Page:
One of the biggest-ever international ecstasy smuggling operations was smashed when detectives identified a gangster through a photograph of his French Bulldog.
Danny Brown, 55, was a member of an organised crime group attempting to ship £45 million worth of the drug MDMA to Australia, hidden in the arm of a 40-tonne digger.
The gang used codenames to communicate, discussing the deal on the encrypted EncroChat network.
But when detectives managed to hack into the platform last year they were able to identify Brown through a photograph of his pet dog that he had sent to one of the other gangsters.
Zooming in on the image of Bob, the French Bulldog, investigators from the National Crime Agency (NCA) were able to spot Brown’s partner’s phone number on a collar tag.
Using this and other evidence they were able to build a case against the conspirators and on Tuesday six men, including Brown, were jailed for a total of 140 years.
The plot involved sending a 40-tonne Doosan digger to Australia on the pretence of selling it via an online auction.
But hidden in its arm in a lead-lined cavity was almost half a tonne of ecstasy tablets intended for distribution throughout Australia.
The gang used EncroChat - a network favoured by criminals - to discuss arrangements, thinking their encrypted messages were completely safe.
But in April 2020 French law enforcement specialists managed to compromise EncroChat without anyone realising.
For months police around Europe were able to secretly harvest evidence against organised crime groups - including against an estimated 10,000 British users.
Among them was the ecstasy gang who went to extraordinary lengths to transport the drugs to Australia, where the street value of MDMA is much higher than in the UK.
The excavator was initially moved from Leeds to an industrial unit in Grays, Essex where one of the gang members used a powerful welding machine to cut open the arm and hide the drugs in a lead-lined compartment.
It was then shipped to Australia, leaving Southampton in January 2020 and arriving in Brisbane three months later.
Unbeknown to the gang, however, the Australian authorities discovered the drugs and after removing them, allowed the digger to continue to its intended destination, an auction house in Sydney.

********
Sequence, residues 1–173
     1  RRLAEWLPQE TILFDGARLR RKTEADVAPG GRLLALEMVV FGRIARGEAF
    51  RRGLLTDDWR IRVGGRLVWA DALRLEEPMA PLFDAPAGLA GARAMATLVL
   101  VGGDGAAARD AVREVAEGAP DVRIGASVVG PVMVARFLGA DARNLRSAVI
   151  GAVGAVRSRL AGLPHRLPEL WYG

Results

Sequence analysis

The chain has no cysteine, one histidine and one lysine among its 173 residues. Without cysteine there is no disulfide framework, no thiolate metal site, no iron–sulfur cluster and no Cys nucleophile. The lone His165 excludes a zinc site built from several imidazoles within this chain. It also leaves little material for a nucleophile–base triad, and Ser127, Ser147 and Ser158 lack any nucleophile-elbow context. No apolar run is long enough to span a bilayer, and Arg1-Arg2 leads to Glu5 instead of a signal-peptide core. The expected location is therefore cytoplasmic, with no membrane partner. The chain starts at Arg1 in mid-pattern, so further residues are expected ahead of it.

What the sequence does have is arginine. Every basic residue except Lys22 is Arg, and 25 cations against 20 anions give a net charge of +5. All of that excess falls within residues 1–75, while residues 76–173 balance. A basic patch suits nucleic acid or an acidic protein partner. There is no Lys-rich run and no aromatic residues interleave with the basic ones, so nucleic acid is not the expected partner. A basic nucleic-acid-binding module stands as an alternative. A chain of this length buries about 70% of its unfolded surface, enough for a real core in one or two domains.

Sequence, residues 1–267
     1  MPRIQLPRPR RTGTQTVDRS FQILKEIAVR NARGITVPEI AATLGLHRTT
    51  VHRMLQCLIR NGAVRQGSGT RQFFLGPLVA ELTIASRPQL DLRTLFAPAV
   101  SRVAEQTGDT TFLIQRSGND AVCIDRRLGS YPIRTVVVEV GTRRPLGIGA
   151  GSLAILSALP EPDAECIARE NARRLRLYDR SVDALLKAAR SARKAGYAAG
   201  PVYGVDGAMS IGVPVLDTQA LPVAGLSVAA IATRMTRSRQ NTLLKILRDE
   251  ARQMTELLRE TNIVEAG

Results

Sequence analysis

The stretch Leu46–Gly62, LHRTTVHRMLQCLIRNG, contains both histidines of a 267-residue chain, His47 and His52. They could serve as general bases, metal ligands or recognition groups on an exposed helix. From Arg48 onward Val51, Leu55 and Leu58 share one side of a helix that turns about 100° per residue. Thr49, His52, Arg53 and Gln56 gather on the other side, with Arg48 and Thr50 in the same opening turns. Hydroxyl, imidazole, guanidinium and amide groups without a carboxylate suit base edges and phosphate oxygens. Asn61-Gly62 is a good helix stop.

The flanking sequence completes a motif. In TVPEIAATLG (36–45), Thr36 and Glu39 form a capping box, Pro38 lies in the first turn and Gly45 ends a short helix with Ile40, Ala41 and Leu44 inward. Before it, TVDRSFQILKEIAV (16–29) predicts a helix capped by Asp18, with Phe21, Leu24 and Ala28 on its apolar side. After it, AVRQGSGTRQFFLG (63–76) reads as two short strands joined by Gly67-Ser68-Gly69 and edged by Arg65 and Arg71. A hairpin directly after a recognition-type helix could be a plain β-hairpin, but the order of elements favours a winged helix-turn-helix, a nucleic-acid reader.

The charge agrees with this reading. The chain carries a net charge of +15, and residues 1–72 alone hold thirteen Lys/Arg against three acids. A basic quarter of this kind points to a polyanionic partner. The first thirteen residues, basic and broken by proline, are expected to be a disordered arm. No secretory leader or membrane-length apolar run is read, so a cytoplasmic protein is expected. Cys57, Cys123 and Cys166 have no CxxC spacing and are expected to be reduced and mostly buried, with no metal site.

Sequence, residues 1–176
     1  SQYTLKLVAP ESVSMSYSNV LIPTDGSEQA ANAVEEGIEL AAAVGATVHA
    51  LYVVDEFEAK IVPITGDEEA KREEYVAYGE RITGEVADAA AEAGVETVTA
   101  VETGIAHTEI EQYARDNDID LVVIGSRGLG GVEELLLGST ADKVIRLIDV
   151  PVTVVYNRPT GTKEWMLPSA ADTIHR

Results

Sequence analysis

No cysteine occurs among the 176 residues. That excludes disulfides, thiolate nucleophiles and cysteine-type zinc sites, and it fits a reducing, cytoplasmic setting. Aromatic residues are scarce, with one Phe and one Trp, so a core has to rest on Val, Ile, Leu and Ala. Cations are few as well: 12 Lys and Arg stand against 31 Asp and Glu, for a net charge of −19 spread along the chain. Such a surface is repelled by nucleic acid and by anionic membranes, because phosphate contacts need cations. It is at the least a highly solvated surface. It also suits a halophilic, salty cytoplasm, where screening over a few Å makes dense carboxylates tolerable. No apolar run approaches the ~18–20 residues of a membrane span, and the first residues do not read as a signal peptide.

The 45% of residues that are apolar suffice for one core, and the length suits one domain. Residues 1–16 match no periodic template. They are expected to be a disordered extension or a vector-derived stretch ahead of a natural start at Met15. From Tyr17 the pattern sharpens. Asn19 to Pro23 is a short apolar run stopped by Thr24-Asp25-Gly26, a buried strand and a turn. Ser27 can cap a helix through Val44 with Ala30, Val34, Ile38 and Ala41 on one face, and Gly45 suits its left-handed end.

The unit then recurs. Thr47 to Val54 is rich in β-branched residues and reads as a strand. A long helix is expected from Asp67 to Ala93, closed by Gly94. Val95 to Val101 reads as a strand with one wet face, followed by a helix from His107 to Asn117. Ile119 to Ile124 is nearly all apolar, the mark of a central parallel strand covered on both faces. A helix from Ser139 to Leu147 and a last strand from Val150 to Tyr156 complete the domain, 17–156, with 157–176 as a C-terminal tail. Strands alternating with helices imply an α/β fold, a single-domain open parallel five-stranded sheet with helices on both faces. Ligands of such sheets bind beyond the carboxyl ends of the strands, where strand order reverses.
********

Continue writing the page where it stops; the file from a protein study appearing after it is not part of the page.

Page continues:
Gang planned to rig auction in Australia
To make it look like a legitimate business deal, the gang had planned to rig the online auction and buy it themselves.
But their plans were almost undone when other innocent buyers began to take an interest and started to outbid them.
In one message intercepted by police, gang member Leon Reilly, 50, messaged Brown saying: “There are six people watching it.”
Brown replied: “F------ hell, that’s not good is it.”
When they finally took possession of the digger they then spent two days trying to find the drugs before realising something was wrong.
EncroChat messages showed how the gang members launched their own investigation and held meetings in a bid to find out who had stolen the drugs.
But using information gleaned from the encrypted messages, investigators from the NCA were able to identify the gang members and arrest them.
Brown, who used the codename “throwthedice”, was identified through the details on his dog’s collar and also an accidental selfie he sent in which his reflection could be seen in his television.
Stefan Baldauf, 62, another of the plotters, accidentally sent a picture of a brass door sign with his face reflected in it.
The pair were convicted in June along with co-conspirators Tony Borg, 45, Peter Murray, 59, Philip Lawson, 61, and Leon Reilly, 50, of drugs trafficking.
Brown was jailed for 26 years, Baldauf got 28 years, Lawson for 23 years, Borg for 15 years, Murray received 24 years and Reilly got 24 years.
Chris Hill, NCA operations manager, said: “These men thought they were safe on EncroChat but my officers did a superb and painstaking job of building the evidence against them through a mixture of traditional and modern detective skills.
“Brown and Baldauf’s accidental selfies and the photo of Bob the dog were the cherry on the cake in proving who was operating those handles.
“But the OCG went to enormous lengths, even rigging an auction, in a bid to transfer the drugs to Australian conspirators.
“The NCA works with partners at home and abroad to protect the public from the dangers of Class A drugs which wreak so much misery on communities in the UK.”
Colette Moore of the CPS said: “This case involved a colossal quantity of MDMA, with an estimated street value of £44 million, which posed a huge risk to the health and well-being of the Australian public. Organised criminals manufacture ecstasy and other synthetic drugs in dangerous illicit factories, so each individual tablet potentially poses a risk to the life of those using it.
“Excellent work from the Australian authorities identified the drug concealment in the mechanical arm of an excavator arm and prevented its onward distribution. Collaborative international working with our Australian partners has resulted in the successful prosecution of the men who had exported these drugs to the Antipodes.”